AMMAN // If you are a government employee in Jordan, you may have to find a new location to catch up on online news. The government decided this month to block the access of its employees to 48 websites, including many local news websites. The move has raised questions about its intentions.
Public employees on average spend about two hours a day online, according to the results of a government study released this month. Each hour cost the government about 70 million dinars (Dh362.9m) a year. Public employees browsed 70 million websites during working hours, but only 13,000 of those sites were relevant to their jobs, the study said. "The government is not targeting specific websites. The ban included dailies' websites as well as the government's own news agency, Petra," Ali al Ayed, the minister of state for media affairs and communications, said last week.
"The decision is part of measures to boost the performance of public employees. Working hours should be spent in serving the public interest," he said. A study by the department of statistics this year showed that 54 per cent of Jordanian households have personal computers, but only 18 per cent are connected to the internet. With internet penetration in Jordan standing at 30 per cent, many government employees use office hours to surf the net.
Economists estimate that 500,000 people, or 40 per cent of the country's entire labour force, work in the public sector. Many are now unhappy with the government's decision to curtail their browsing. "We are against the move. The government is exaggerating," said Ahmed, an employee at the ministry of education who asked that his last name not be published. "It is a ridiculous. The employee does not spend all hours working strictly. If he has to fill out applications, he does not leave people waiting because he wishes to browse the internet. This would be a waste of time.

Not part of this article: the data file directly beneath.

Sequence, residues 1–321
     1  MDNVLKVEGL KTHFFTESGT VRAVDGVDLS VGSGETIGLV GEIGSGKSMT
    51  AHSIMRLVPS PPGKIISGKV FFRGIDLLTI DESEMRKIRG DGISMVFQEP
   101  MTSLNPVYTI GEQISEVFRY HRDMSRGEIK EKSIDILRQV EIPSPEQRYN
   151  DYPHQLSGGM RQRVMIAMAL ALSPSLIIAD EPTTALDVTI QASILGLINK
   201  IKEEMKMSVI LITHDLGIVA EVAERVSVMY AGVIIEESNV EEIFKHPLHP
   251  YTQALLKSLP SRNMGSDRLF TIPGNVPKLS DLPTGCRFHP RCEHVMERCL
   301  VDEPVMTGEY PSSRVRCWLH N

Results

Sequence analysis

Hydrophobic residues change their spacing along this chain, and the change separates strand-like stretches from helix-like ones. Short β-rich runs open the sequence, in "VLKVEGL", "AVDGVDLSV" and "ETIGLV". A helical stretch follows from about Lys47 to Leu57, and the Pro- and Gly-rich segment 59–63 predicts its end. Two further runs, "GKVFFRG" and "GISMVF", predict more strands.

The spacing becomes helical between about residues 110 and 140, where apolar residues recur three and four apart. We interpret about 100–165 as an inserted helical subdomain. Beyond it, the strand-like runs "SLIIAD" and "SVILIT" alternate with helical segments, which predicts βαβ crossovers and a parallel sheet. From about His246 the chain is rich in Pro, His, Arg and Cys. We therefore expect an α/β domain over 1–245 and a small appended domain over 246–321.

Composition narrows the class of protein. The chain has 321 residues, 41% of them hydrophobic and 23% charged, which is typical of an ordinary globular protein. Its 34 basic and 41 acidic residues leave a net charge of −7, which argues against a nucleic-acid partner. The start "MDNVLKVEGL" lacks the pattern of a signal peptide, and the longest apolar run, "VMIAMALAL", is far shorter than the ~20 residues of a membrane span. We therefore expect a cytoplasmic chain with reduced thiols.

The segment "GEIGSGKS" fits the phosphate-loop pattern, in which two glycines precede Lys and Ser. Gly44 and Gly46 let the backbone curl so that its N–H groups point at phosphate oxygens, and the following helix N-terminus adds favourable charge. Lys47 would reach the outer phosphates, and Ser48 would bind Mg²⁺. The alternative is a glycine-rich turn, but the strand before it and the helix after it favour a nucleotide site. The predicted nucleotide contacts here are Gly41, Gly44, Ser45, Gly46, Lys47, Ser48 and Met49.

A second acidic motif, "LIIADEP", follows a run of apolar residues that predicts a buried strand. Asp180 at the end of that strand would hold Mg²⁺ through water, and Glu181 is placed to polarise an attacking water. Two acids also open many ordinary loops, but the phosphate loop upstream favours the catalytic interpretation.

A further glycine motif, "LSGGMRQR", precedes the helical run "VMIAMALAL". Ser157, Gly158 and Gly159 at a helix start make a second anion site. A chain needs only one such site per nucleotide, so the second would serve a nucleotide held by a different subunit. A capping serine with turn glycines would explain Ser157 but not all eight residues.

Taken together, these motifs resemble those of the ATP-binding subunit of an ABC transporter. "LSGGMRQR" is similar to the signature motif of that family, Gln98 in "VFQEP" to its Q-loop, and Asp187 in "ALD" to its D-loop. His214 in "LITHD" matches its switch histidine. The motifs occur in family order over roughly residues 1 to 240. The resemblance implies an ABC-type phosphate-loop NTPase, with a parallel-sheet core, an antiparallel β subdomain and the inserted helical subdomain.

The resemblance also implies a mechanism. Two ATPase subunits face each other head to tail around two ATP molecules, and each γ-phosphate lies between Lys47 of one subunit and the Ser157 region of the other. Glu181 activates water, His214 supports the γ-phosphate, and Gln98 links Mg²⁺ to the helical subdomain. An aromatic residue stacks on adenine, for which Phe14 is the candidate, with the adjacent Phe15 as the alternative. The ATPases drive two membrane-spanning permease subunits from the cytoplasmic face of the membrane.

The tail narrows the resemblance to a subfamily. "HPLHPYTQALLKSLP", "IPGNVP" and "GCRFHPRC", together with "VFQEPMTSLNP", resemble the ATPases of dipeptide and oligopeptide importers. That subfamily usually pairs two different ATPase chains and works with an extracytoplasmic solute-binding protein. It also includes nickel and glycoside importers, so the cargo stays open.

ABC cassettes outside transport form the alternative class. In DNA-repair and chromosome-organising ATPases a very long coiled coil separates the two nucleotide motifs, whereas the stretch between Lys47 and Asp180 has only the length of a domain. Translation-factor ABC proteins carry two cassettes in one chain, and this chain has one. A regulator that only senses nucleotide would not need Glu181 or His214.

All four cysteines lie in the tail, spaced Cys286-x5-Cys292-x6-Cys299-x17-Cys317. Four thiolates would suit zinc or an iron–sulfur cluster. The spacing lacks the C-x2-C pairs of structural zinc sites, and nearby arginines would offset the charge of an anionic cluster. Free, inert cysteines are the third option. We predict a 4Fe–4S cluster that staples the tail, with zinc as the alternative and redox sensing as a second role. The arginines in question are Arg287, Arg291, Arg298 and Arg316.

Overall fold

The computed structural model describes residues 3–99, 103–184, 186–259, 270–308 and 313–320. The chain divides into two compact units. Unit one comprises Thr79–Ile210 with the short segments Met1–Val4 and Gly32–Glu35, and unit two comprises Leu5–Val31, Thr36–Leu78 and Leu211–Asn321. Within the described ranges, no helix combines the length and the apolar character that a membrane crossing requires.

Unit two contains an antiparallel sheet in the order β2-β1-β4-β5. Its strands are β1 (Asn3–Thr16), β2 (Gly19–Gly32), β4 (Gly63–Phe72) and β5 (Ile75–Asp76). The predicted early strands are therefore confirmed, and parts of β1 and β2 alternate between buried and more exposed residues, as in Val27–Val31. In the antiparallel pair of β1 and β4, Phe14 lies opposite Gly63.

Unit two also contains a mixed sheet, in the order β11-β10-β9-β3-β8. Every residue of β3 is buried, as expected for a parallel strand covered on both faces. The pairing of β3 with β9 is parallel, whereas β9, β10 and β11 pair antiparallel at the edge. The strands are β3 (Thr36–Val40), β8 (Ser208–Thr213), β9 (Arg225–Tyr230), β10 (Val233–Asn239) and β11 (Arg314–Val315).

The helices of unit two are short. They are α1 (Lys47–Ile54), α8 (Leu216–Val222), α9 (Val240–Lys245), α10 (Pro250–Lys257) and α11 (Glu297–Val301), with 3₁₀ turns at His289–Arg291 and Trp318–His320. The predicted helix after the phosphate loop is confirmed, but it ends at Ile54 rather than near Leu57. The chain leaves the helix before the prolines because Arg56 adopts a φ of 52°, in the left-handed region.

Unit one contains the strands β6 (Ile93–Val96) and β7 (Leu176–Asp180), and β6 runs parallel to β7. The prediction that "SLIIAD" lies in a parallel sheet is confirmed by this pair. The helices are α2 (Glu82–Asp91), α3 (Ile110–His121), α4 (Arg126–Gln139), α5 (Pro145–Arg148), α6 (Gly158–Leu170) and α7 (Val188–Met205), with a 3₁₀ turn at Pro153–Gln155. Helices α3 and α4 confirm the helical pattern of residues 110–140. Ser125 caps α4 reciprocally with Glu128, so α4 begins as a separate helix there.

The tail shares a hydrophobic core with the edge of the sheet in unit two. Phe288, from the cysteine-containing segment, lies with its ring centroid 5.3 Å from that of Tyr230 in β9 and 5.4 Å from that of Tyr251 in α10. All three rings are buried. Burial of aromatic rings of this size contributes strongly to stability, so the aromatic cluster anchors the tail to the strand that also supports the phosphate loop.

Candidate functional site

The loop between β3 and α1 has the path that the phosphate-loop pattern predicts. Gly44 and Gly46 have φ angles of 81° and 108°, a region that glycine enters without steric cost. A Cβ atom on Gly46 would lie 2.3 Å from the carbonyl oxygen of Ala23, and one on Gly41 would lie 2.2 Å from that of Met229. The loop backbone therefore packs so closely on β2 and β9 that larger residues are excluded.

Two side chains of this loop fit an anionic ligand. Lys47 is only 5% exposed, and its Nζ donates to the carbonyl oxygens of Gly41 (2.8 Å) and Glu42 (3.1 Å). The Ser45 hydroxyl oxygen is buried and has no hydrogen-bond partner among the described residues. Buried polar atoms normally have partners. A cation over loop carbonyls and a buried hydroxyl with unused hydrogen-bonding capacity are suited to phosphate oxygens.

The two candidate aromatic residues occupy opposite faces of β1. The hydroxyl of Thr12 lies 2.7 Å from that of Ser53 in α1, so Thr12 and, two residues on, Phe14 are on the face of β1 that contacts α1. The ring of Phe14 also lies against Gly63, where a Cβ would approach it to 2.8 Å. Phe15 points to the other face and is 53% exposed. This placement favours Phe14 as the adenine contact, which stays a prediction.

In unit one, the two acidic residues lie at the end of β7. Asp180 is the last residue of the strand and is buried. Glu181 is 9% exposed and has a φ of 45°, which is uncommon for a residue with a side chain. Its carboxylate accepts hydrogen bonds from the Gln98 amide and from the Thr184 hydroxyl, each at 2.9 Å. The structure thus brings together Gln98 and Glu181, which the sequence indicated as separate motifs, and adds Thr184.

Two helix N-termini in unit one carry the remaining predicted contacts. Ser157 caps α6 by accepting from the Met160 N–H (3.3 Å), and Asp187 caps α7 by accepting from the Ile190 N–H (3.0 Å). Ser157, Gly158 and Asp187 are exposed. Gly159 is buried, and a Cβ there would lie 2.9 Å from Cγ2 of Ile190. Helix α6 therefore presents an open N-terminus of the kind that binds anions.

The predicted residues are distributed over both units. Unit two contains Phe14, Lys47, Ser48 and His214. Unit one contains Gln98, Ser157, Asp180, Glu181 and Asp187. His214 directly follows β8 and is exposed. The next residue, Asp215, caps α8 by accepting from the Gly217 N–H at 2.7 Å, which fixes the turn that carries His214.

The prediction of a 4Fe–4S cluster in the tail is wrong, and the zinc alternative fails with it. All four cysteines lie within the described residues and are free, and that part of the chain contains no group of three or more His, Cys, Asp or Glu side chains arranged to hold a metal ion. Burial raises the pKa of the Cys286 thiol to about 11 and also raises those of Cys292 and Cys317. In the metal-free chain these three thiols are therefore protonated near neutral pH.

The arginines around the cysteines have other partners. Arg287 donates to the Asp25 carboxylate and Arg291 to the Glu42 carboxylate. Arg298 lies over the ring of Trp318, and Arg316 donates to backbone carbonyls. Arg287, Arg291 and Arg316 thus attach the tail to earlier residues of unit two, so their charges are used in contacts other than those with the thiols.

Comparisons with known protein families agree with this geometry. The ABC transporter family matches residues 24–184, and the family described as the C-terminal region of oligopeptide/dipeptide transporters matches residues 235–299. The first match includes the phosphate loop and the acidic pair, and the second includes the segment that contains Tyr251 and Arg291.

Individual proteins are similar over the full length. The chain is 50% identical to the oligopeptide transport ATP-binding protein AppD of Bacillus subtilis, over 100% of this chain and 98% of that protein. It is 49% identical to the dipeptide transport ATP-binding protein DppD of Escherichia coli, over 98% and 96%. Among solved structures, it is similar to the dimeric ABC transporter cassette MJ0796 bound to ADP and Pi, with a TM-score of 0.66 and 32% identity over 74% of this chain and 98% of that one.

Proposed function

"I use the internet from home and work to check the latest news. We do not want to be left in the dark and find out what is happening around us later in the day." Some analysts, media experts and website publishers say the government ban on websites is intended to silence critics. "The decision is disastrous," said Saeda Kilani, the director of the Arab Archive Institute for Publishing Research, an Amman-based centre for media studies and human rights. "The government is targeting independent media. Improving employees' work ethic is not solved by preventing access to information."
Jordan prides itself as the first Arab country to introduce, in 2007, an access to information law. Its constitution also allows freedom of speech, but a press and publication law and other regulations are seen as a bid to restrict the work of journalists, among others. Still, the so-called new media have been booming in Jordan and there are now 130 news websites. Some of these sites provide a platform for critics of government policies, from increasing taxes to its staggering budget deficit to tackling corruption.
The website ban came as the government introduced last week a temporary law on cybercrimes, which includes restrictions on the freedom of expression. "Because we have a higher ceiling of freedom, this has upset the government. The only thing it can think of is how to restrict the freedom of expression," said Basil Akoor, the co-owner of ammonnews.net, a popular news website that was blocked to government employees.
"The dailies carry protocol news with no value. But we have covered diverse things ranging from public reaction to tax hikes, to teachers' strikes demanding their own professional association to labourers asking for better wages, issues hardly covered in the dailies ? The government is only providing lame excuses for its actions," he said. But the news websites have their detractors. "It is true that they have raised the ceiling of freedoms, but they were not void of slander and character assassination," said Saleh Qallab, a former minister of information and a colomnist for the government's daily Al Rai. "They are unprofessional."
"And if the newspaper had a margin of freedoms, this would have not allowed them to flourish. But cracking down on them is not a solution, because we do not want the government to silence the voices of its critics." The owners of the banned websites are threatening to take measures against the government if it does not restore access. "We will escalate measures against the government. We will resort to local and international bodies dealing with press freedoms, including human-rights organsiations support our cause," Mr Akoor said.